KnE Energy | The 3rd International Conference on Particle Physics and Astrophysics (ICPPA) | pages: 363–371

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1. Introduction

The development of highly granular calorimeters for future collider experiments is being performed by the CALICE collaboration. A set of tests of electromagnetic and hadron calorimeter prototypes with unprecedented granularity was carried out during the successful test beam campaign in 2006–2012 and the proof of principle and reliability of the particle flow approach was demonstrated on the real data [1,2]. Now the construction of new technological prototype of scintillator-SiPm-based hadron calorimeter is in progress. The main goal of these efforts is to test the new technologies of tile-SiPm couplings and demonstrate the scalability of embedded electronics, calibration approaches and working modes. The choice of tile design with the direct coupling of a SiPm without wavelength-shifting fiber is motivated by the mass production requirements, to guarantee a real time-scale for the assembling of hadron calorimeter from about 8 million tiles for the ILD detector on the future International Linear Collider [3]. Different tile geometries were tested [4,5,6,7] and the tile design with the dimple on the tile big face was chosen, which provides both the suitability to mass production and appropriate uniformity of response. In this study, two tiles with dimple design from different materials were tested to compare their light yield and uniformity of response to minimum ionizing particles (MIP).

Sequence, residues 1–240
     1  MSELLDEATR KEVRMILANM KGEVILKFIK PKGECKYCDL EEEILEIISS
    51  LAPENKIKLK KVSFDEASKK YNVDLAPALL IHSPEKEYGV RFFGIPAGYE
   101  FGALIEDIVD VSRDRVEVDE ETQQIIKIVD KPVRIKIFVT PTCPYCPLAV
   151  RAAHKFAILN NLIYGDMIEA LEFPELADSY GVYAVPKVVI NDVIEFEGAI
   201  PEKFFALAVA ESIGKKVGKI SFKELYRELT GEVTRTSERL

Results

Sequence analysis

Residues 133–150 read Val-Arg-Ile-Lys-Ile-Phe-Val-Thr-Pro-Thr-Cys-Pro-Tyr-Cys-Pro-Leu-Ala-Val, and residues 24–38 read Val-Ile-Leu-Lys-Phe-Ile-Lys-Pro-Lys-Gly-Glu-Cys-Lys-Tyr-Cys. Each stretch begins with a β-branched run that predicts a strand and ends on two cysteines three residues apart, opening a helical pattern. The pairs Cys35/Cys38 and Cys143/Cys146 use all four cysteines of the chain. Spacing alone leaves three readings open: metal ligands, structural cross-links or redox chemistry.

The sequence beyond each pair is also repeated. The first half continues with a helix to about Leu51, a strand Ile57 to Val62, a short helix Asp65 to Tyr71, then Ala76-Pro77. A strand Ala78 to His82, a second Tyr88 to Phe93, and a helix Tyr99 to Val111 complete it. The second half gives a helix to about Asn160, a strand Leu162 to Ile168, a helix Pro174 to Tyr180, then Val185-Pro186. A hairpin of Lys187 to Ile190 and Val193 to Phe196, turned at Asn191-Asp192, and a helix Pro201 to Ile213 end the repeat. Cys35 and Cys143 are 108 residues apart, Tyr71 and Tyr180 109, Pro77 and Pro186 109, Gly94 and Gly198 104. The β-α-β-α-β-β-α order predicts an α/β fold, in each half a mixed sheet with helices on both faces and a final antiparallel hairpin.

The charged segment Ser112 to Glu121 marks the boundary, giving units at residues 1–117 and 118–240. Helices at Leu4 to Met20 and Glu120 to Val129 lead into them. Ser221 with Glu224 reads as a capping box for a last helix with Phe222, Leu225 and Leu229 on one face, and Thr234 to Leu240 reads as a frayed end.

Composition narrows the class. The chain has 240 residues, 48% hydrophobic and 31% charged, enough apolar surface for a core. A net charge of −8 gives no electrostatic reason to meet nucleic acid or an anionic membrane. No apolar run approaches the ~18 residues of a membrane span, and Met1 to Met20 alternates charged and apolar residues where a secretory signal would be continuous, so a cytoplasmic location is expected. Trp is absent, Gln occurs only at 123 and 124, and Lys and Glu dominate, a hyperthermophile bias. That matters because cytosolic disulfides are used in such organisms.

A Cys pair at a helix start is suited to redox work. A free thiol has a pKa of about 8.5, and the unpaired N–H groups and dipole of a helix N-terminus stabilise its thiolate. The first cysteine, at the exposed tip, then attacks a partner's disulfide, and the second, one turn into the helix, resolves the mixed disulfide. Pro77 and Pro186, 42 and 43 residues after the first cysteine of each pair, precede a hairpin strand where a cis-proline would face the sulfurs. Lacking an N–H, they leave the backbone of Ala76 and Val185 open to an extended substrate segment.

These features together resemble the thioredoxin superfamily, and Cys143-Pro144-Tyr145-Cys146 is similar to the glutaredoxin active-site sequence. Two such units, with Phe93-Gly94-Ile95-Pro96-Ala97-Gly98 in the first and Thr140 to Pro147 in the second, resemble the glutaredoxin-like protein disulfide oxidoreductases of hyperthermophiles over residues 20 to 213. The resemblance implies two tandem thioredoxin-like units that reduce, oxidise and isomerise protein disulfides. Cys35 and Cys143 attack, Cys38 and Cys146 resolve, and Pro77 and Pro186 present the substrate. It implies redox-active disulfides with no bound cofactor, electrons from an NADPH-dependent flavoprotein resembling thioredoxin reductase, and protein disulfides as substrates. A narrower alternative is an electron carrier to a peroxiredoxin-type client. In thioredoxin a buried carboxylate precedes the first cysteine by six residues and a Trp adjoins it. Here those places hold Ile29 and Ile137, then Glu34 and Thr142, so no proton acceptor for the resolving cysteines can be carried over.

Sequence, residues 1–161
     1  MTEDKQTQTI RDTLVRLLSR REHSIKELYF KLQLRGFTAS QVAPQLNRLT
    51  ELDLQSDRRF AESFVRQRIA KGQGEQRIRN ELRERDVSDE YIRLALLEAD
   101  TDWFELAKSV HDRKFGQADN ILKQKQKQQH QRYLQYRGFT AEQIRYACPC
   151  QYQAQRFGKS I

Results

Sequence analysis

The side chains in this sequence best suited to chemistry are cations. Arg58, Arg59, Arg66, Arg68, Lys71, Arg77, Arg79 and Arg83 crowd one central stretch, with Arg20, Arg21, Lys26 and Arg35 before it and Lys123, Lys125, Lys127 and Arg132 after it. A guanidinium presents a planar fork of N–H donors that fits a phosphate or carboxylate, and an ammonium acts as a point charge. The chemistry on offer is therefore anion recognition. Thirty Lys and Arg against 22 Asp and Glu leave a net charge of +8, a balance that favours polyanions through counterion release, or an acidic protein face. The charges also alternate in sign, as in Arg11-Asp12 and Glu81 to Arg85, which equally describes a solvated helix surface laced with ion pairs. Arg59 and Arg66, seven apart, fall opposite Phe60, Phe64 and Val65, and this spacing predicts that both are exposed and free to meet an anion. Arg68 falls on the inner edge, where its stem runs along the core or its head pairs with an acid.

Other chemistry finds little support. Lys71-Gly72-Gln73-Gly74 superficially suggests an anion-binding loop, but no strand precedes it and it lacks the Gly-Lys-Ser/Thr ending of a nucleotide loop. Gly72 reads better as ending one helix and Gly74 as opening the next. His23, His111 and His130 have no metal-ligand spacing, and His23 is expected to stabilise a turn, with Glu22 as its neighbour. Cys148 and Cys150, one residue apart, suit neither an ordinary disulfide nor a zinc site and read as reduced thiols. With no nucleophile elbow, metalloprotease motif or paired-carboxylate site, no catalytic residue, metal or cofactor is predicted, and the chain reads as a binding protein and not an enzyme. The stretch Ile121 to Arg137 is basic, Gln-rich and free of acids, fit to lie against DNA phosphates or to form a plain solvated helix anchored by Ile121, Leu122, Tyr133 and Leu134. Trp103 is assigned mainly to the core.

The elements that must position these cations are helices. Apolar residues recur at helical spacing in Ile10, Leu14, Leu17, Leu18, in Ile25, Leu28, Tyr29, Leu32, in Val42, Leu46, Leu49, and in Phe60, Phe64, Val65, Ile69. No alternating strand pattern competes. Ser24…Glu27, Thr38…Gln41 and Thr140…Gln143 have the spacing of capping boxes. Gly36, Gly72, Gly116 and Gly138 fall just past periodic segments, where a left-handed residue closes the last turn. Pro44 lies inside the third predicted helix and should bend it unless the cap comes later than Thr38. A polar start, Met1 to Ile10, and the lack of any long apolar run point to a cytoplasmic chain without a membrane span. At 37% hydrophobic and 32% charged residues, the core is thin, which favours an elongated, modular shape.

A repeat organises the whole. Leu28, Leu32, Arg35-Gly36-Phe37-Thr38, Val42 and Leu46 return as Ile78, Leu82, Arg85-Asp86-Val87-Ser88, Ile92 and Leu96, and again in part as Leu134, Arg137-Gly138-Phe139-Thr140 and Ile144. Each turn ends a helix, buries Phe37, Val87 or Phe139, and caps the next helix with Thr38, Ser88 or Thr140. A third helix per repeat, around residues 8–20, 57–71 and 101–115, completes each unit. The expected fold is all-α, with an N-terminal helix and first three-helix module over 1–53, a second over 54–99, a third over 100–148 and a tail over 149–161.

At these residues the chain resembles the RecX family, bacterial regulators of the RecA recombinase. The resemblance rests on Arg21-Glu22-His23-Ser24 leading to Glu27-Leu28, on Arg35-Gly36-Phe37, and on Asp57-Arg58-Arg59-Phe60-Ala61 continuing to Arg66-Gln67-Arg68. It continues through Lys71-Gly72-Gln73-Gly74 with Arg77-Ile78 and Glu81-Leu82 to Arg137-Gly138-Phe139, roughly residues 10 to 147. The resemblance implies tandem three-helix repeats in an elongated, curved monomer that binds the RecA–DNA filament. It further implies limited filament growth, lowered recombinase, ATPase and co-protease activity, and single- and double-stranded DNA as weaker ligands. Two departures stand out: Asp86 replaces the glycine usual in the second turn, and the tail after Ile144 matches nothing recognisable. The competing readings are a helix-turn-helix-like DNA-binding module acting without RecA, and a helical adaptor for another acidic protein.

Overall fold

2. Tile design and experimental setup

The highly granular hadron calorimeter of the ILD detector for future lepton collider experiments is designed to be a sampling calorimeter with projective geometry with respect to interaction point. The active layers assembled from scintillator tiles are interleaved by steel absorber plates. The tile sizes are 30x30 mm 2 in the transverse plane and 3 mm in depth in the longitudinal direction. Each tile has a dimple on one of the big faces and is individually wrapped in reflecting foil. Silicon photomultipliers will be soldered on the embedded electronics plate and coupled directly to the dimpled surface of each tile. The dimple geometry is chosen to achieve the uniformity of response in the absence of the wavelength-shifting fiber. We have tested two tiles of this design from the samples produced for the CALICE technological prototype.

Tile characteristics

The first tile is made from BICRON408, which is the polyvinyltoluene-based scintillator. The second tile is made from polystyrene with p-terphenyl (2%) and POPOP (0.01%) and produced by injection molding at the Uniplast factory in Vladimir. The sizes of both tiles are 30x30x3 mm 3 in x , y and z directions respectively. Both tiles have dimples in the center of one of the big faces. The radius of the dimple is 4.5 mm and its depth is 1.6 mm. The tiles are wrapped in foil (3M™ Enhanced Specular Reflector), which is an ultra-high reflectivity, mirror-like optical enhancement film. The wrapping has a hole in the center over the dimple to hold a SiPm and an additional hole for calibration purposes. The photo of the tile with dimple is shown in figure figTileFoil together with the foil prepared for wrapping.

Figure 1

Photo of the scintillator tile with dimple (left) and wrapping foil (right).


Experimental setup